Sale-Leasebacks Still Attract Attention Worldwide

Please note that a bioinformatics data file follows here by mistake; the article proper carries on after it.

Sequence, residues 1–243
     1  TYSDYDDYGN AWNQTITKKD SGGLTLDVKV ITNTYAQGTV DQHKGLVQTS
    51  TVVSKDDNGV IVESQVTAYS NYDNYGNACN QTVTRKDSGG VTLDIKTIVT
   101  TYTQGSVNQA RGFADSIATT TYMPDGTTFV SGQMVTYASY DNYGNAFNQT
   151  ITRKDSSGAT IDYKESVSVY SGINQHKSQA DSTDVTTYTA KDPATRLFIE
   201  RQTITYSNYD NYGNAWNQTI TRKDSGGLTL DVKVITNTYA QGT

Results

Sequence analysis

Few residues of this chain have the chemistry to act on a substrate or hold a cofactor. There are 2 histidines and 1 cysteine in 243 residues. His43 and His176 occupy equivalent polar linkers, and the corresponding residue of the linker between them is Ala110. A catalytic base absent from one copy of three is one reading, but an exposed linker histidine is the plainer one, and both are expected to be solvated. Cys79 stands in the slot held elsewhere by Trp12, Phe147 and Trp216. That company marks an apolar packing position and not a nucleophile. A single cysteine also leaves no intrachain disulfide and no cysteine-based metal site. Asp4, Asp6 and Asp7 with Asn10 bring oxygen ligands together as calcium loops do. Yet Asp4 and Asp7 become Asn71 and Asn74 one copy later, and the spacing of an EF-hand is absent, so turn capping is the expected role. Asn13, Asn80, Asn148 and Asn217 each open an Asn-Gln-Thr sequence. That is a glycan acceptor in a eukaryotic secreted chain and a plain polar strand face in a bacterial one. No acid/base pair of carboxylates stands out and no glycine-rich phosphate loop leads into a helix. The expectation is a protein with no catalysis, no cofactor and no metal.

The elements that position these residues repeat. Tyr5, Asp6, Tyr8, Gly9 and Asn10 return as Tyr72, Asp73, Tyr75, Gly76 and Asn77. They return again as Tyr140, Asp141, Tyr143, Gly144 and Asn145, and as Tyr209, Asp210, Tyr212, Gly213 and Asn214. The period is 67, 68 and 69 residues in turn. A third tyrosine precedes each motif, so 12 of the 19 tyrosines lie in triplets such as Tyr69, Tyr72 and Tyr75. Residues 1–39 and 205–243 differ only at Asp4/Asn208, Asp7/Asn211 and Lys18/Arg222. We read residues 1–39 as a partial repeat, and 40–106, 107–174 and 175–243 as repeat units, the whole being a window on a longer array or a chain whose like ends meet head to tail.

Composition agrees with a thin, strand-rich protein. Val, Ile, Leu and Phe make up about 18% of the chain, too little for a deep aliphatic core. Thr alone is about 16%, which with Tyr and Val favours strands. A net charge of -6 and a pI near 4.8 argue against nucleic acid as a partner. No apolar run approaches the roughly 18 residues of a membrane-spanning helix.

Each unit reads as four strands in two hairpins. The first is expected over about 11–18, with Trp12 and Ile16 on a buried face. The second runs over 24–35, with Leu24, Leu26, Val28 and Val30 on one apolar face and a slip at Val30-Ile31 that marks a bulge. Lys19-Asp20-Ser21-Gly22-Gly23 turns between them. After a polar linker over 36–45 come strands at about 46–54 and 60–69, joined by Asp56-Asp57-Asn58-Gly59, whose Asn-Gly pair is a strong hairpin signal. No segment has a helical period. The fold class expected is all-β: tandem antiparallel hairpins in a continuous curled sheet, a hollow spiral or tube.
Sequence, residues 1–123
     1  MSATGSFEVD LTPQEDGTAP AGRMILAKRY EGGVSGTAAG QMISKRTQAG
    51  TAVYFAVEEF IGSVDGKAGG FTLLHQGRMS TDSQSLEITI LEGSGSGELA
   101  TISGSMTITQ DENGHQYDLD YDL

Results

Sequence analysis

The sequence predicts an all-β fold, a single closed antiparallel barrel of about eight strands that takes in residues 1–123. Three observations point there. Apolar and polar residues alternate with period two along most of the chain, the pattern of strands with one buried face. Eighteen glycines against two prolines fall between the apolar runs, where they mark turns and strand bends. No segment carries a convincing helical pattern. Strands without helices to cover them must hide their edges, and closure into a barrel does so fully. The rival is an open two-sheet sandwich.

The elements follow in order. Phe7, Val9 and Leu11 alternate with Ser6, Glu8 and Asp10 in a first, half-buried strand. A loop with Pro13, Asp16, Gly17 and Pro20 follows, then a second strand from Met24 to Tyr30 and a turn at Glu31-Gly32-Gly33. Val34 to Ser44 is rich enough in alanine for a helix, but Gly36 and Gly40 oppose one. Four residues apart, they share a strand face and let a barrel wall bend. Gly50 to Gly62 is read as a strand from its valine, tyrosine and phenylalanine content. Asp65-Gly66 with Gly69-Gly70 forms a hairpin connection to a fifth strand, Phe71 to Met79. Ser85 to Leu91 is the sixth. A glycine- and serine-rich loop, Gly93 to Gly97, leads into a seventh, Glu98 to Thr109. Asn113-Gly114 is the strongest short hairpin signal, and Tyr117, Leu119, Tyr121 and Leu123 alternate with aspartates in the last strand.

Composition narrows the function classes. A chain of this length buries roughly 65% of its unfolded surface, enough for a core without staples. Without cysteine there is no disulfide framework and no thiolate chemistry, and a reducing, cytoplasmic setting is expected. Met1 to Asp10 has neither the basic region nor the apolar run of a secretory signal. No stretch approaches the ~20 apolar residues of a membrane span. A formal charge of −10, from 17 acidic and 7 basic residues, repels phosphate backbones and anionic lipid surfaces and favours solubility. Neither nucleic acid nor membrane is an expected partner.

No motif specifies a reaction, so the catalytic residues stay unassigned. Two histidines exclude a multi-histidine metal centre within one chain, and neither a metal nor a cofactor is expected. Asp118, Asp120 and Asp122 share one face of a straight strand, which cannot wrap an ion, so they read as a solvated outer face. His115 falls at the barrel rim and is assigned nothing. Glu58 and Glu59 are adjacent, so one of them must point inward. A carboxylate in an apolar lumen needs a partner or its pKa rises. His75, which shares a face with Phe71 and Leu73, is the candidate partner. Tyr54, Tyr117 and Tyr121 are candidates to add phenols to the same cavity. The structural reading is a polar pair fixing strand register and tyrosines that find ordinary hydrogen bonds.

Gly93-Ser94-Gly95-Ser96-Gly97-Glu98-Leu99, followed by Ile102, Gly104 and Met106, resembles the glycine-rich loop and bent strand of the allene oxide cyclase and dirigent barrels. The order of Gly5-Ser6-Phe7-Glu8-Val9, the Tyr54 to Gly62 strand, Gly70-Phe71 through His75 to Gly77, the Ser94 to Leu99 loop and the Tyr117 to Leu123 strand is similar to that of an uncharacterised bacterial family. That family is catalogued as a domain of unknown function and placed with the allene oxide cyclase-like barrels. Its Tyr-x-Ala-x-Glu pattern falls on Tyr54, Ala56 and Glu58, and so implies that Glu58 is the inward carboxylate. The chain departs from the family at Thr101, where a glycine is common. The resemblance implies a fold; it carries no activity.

The credit freeze has slowed direct investment in commercial real estate everywhere in the world, but in some places sale-leaseback activity is picking up some of the slack.That’s one of Jones Lang LaSalle Inc.’s conclusions in its “H12008 Global Real Estate Capital Report.” The latest trend in sale-leasebacks comes in the wake of rapid growth in that form of corporate finance worldwide in the past few years. In the first six months of 2005, sale-leasebacks formed $10.4 billion of the total investment transaction volume internationally. That figure rose to $20.7 billion in the first half of 2006 and to $30.7 billion for the same period in 2007.“The rise in corporate sale activity will continue and should reach $34 billion by year-end (2008)” despite continued weakness in financial markets, said Steve Collins, managing director for Jones Lang LaSalle’s international capital group. “We’ve seen a dramatic shift in sellers as a result of corporations’ need to access affordable capital outside the debt markets. A large percentage of the offerings we’re working on are corporate sale-leasebacks, and they’re grabbing the attention of global investment capital across the globe.”Historically, the growth in sale-leaseback activity has been especially popular in Europe; 56 percent of total global transactions occurred there in the first half of 2008. About a third were in the Asia-Pacific region, and the Americas counted for 9 percent: $1.1 billion sold in the United States and $900 million in Canada.According to Jones Lang LaSalle, the most active investors in the sale-leaseback market are those that do not need that bugaboo leverage so much or that enjoy good relationships with lenders and perhaps have strong cash flow from other assets. Sale-leaseback investors also tend to be long-term holders of the real estate that see their investments as an alternative to the long-term holding of corporate bonds that also maintains a hedge against inflation and an upside equity kicker.In the coming years, there will be more mandates in the United States and for U.S. multinational companies to dispose of surplus real estate, the report noted. This kind of portfolio rationalization will come against the backdrop of all-around nervousness about the economy, as well as future merer-and-acquisition activity. “The pressure to cut additional costs will be enormous,” explained Kenneth Rudy, president & COO of Jones Lang LaSalle’s capital markets group. “With real estate capital still representing a relatively attractive form of capital, corporate sale-leasebacks and dispositions will assume an increased slice of the investment pie for the remainder of 2008 and into 2009.”